"I'm more impressed that you're still standing." The little man grinned up at the huge one. "Still collecting cobras?"

"Everyone needs a hobby."

"Mine never killed me."

"Just that one time, you rouge." Markhall scolded. "Very well, let's get on with it...the sooner this is finished the sooner I can go home." He gave the Doctor a final pat that rocked him like a toy, and returned to his chair. It creaked.

"The CIA has been kind enough to permit us the use of this room for our discussion." The Tribunal had (of course) been present all along and chose to speak at that moment. Three serene, remote faces turned as one to the three CIA representatives and bowed from the neck down.

The CIA numbered Madame Supervisor, Councilman Jabor, and Councilman-Castellan Chep. Jamie had seen the last two on occasion, and usually had a hard time remembering them at all—which, the Doctor would be quick to add, made them dangerously typical CIAgents.

Jamie mused that the CIA did not look happy to be here, or loan their room, or be noticed.

"What exactly is the purpose of this meeting?" The Doctor asked tiredly. Jamie quietly guided him to the last available chair—doubtless left for his use on purpose. Everyone could see him as well as he could see them.

"This meeting is to informally come to a decision on the Sontarans." A tall, skeletal man with hard blue eyes slowly rose to his feet. "We have not been formally introduced, Doctor. I am the Viceroy of Xenobia."

"Ah. The new one." The Doctor nodded once and refrained from commenting about puppet rulers for shadow organizations. "Why are Jamie and I part of this meeting?" Skepticism hung a little thick on his voice.

Markhall chuckled softly. "While some might argue that you're well out of this mess, others were able to argue that you were already so involved with the preliminary, the beginning, and the end that you may as well sit through the epilogue." His eyes flashed wickedly.

"The biggest question is how you were able to anticipate the complex movements all around you, Doctor." The Viceroy began. "We were watching much of the events through our screens but we did not have your insight."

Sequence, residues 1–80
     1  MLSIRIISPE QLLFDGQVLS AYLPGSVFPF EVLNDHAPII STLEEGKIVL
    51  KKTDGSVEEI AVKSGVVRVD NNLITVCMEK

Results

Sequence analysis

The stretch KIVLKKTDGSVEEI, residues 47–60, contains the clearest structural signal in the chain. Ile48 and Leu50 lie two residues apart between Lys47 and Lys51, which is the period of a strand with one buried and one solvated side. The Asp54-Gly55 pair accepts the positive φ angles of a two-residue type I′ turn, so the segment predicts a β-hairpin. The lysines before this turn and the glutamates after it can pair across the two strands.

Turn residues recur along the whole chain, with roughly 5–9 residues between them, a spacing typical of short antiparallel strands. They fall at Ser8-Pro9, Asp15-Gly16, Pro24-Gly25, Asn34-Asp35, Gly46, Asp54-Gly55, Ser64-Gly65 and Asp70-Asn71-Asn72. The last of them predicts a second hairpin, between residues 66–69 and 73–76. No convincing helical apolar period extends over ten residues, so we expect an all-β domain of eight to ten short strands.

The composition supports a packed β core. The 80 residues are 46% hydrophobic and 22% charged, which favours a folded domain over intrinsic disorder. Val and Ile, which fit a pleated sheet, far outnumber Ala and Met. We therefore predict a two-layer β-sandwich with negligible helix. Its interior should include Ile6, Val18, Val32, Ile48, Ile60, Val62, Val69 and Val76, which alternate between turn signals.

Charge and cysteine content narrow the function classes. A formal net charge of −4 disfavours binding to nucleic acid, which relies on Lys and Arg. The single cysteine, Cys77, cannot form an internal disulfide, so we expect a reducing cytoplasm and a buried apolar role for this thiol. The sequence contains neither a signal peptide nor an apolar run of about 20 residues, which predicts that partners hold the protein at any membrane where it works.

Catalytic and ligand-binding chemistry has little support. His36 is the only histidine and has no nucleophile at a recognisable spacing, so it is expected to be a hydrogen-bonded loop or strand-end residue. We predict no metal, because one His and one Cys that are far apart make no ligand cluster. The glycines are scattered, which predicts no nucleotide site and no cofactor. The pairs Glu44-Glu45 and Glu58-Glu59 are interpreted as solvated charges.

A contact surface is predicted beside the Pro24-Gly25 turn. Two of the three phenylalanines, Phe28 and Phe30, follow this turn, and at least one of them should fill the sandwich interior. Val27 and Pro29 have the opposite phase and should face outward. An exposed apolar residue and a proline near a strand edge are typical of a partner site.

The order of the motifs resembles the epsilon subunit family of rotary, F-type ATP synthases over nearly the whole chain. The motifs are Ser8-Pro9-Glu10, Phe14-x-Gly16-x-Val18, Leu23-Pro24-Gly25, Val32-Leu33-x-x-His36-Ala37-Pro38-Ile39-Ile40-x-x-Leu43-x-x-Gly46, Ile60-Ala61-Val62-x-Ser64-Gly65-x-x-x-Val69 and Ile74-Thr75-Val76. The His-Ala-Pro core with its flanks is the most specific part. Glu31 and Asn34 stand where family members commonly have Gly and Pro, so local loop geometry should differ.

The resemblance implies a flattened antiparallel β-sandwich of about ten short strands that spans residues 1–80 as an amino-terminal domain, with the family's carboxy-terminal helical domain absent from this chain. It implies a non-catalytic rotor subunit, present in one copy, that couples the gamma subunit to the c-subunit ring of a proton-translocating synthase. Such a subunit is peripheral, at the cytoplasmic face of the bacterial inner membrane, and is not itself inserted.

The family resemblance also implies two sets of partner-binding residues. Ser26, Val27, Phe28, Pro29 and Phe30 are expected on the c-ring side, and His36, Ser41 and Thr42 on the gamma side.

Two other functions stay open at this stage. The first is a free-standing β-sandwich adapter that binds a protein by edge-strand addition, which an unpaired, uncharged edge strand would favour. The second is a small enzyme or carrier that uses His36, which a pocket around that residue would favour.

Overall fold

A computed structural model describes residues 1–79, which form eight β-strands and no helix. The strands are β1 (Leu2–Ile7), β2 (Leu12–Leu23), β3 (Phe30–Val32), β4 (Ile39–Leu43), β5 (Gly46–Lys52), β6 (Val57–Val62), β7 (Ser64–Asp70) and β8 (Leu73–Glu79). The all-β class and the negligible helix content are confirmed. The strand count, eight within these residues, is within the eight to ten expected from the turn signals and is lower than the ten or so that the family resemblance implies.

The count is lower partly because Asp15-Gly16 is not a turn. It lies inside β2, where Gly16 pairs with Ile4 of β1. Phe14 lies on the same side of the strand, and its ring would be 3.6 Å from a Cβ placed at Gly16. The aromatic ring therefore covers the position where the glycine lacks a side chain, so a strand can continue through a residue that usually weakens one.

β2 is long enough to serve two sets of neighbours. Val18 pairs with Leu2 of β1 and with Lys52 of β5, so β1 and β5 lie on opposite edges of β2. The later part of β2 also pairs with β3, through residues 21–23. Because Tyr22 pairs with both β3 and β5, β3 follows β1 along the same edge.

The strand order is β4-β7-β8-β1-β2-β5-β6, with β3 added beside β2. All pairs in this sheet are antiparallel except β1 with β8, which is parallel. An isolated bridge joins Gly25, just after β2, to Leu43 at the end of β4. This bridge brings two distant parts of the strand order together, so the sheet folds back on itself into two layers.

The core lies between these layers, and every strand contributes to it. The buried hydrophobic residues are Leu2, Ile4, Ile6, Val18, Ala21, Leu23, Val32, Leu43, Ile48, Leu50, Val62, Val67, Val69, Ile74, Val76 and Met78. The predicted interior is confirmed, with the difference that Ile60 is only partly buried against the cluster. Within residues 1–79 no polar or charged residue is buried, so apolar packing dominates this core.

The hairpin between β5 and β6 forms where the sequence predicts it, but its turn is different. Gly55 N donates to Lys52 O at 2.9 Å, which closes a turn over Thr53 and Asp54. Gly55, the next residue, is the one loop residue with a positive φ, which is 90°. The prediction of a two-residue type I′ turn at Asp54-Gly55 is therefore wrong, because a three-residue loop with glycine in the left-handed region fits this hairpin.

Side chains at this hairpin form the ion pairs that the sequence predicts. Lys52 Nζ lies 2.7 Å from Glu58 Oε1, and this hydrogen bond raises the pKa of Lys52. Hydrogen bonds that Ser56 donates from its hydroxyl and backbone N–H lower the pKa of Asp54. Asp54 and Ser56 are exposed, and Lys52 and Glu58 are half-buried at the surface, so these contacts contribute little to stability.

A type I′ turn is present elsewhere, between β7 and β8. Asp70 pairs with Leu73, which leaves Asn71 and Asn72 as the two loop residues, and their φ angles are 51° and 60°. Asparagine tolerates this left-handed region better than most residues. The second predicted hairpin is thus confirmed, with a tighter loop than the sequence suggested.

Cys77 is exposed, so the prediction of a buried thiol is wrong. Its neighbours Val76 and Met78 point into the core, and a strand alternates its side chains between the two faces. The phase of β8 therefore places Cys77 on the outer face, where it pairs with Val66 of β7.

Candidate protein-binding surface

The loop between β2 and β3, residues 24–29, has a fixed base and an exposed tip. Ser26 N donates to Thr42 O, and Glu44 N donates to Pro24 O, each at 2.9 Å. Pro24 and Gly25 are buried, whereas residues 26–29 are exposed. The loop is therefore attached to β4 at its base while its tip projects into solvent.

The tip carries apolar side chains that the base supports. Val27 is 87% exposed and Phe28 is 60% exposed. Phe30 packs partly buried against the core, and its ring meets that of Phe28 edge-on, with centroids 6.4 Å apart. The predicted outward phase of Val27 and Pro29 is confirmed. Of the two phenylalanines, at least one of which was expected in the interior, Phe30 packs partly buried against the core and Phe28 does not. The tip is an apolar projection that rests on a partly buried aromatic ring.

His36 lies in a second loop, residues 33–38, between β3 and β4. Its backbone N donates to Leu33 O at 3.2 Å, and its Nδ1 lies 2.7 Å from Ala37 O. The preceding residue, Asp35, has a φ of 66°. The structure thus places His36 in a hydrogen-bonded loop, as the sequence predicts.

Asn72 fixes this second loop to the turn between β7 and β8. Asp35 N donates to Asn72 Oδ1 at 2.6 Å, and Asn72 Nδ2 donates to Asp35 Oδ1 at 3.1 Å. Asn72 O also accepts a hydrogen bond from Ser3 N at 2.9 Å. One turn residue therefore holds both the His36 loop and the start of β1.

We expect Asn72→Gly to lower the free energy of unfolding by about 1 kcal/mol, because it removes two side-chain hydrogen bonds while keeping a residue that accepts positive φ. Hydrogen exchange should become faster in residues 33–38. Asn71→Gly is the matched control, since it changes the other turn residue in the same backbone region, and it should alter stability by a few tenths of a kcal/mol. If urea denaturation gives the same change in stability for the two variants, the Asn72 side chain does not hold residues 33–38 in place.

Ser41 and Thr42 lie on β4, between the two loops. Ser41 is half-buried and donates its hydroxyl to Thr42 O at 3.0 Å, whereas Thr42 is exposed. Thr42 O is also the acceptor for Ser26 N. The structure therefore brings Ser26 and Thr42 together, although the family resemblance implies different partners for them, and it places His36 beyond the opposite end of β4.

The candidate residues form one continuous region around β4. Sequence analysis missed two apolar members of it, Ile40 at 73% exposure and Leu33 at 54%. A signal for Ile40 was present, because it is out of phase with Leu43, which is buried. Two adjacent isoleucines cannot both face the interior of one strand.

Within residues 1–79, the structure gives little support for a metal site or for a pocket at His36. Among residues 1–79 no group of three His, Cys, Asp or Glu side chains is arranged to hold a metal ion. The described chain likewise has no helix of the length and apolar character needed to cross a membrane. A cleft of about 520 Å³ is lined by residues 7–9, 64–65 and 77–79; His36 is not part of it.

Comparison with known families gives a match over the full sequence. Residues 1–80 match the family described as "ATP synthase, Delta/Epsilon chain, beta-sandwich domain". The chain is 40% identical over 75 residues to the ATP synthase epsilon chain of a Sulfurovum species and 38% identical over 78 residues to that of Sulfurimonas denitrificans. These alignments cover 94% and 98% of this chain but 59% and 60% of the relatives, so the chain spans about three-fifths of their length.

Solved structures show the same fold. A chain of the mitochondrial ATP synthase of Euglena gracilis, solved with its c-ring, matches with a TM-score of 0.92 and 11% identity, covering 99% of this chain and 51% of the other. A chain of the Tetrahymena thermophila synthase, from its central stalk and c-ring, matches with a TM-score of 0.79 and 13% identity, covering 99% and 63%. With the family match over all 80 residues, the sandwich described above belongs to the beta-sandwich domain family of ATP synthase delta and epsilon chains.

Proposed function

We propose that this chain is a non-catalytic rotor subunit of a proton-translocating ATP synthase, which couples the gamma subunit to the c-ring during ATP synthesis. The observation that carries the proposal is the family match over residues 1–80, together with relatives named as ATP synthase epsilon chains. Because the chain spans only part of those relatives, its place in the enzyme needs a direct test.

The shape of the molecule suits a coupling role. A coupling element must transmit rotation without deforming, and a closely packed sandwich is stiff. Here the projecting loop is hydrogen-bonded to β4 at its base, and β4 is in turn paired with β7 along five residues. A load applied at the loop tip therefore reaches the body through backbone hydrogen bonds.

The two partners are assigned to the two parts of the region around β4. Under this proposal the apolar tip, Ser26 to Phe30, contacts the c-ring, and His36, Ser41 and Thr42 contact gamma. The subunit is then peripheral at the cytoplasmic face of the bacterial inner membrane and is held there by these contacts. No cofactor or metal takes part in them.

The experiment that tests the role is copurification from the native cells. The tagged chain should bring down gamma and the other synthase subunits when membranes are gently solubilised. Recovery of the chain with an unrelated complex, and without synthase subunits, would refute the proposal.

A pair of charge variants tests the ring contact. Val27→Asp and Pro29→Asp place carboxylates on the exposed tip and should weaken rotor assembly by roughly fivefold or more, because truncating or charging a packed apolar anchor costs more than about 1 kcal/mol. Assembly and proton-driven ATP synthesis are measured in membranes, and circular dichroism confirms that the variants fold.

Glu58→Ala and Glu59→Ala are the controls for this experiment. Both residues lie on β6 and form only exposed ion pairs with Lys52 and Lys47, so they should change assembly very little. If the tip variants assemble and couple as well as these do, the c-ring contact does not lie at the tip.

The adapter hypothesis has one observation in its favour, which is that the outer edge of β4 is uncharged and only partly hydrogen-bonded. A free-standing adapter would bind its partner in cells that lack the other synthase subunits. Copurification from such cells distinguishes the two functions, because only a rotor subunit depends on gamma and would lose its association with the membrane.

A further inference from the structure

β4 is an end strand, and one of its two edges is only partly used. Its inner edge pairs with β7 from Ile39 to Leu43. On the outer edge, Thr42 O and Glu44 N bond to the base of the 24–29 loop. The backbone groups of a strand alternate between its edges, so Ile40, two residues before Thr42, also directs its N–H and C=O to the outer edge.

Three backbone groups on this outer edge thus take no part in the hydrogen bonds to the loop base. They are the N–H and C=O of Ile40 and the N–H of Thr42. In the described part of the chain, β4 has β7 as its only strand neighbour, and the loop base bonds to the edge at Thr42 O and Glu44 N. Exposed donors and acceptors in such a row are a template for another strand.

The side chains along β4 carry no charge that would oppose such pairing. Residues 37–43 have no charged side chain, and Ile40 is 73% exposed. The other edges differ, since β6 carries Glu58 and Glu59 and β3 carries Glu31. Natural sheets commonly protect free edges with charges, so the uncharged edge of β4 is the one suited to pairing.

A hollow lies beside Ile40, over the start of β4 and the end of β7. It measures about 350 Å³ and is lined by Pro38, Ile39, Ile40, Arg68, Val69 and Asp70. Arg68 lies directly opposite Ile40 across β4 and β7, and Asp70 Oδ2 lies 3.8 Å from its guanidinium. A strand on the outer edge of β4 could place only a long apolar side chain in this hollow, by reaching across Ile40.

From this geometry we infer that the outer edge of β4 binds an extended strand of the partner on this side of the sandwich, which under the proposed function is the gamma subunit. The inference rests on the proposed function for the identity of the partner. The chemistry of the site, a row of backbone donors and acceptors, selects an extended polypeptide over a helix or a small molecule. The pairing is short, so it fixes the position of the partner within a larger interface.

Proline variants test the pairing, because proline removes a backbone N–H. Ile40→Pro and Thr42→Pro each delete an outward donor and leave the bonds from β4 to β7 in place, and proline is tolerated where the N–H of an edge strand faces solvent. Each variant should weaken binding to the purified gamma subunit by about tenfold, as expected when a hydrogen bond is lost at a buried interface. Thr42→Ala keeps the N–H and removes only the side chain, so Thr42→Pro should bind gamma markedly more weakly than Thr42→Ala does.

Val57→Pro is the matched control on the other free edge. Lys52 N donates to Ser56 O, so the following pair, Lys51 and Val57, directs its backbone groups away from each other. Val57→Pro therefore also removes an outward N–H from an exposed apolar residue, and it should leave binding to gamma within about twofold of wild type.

"Oh, that's hardly a mystery." The Doctor rolled his eyes. "I lived as a fugitive for how many years? One's instincts get a little sharper with the practice." A still-dark eyebrow popped up in additional commentary. "The disturbing bit's when you realize you've seen it all before."

"How did you know Vard was a renegade before we did?" The Viceroy was not happy.

The Doctor adopted an expression of patience. "Vard was hardly acting within the normal behavior for a Sontaran. Consorting with Daleks wasn't the half of it." He reached up with his free hand and tapped his chin. "He was Stike's Commander. Stike was until that point, the most atypical Sontaran I'd met."

"Atypical in what way?" Madame Supervisor asked sharply.

"To begin with, he actually expressed doubts for his actions that involved the partnership with Chessene and my necessary vivisection." The Doctor had by then become desensitized to that issue, but it still caused an emotional ripple throughout the room. Ignoring it, he continued: "He actually rationalized it to me that it was for Sontaran glory. Rationalization really isn't part of being a Sontaran." He leaned back in the chair with a momentary grimace at the press of cushion against his injured back. "But the real deciding factor? That was when he refused to fight me in a duel after I insulted his honor and challenged him on his treachery."